Deluxe plate
Bill Addison

Perini Ranch Steakhouse

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WHAT: The state’s best (and most humble) country steakhouse with a pretty fancy pedigree. WHY: Lifelong cattle rancher and chuck-wagon cook Tom Perini turned an old barn into Texas’s most popular steak destination 35 years ago. He’s since claimed the James Beard Foundation’s America’s Classics award and is the Beard House’s most frequently featured Texan. This is partly because his pepper-crusted, mesquite-grilled strip; bone-in cowboy ribeye; his spicy-fried quail legs; hominy laced with green chiles and bacon; and sourdough bread pudding with pecans and whiskey sauce can’t be beaten. It’s helped along by sommelier Lisa — also his wife — who hones a smart wine list with intriguing choices from the West Coast as well as Europe and South America. But the fame — and a guest list that often includes presidents, governors, musicians, and movie stars — is mostly due to Tom himself, who treats every customer like a welcome friend at his kitchen table. — June Naylor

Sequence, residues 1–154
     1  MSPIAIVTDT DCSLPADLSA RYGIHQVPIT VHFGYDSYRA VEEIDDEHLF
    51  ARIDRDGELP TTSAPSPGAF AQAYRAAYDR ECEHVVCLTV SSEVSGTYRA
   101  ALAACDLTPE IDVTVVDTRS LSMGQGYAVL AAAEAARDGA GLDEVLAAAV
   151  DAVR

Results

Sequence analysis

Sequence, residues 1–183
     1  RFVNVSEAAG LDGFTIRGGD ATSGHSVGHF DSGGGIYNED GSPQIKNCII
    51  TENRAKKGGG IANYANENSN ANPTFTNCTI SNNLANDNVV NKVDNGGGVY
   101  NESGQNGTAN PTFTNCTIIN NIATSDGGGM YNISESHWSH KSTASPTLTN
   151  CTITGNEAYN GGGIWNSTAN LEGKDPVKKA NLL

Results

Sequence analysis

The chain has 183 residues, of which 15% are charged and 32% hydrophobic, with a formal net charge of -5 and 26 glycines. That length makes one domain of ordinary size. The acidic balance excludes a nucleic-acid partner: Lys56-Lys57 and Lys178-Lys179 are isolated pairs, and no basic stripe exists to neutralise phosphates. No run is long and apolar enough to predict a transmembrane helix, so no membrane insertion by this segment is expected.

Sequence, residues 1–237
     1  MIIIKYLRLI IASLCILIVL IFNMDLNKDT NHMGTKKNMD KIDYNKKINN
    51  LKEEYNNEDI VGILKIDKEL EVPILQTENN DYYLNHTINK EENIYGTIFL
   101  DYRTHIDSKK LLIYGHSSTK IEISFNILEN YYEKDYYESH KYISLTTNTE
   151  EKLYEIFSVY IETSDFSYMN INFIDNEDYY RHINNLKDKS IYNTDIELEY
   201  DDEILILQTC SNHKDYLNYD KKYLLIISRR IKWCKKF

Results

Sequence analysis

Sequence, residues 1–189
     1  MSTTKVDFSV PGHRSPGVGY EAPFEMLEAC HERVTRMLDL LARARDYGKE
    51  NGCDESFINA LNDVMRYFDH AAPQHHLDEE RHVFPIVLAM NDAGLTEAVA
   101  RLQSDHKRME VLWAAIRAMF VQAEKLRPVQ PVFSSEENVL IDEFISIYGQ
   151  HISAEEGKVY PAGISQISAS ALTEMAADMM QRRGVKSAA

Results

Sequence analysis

Rancho Loma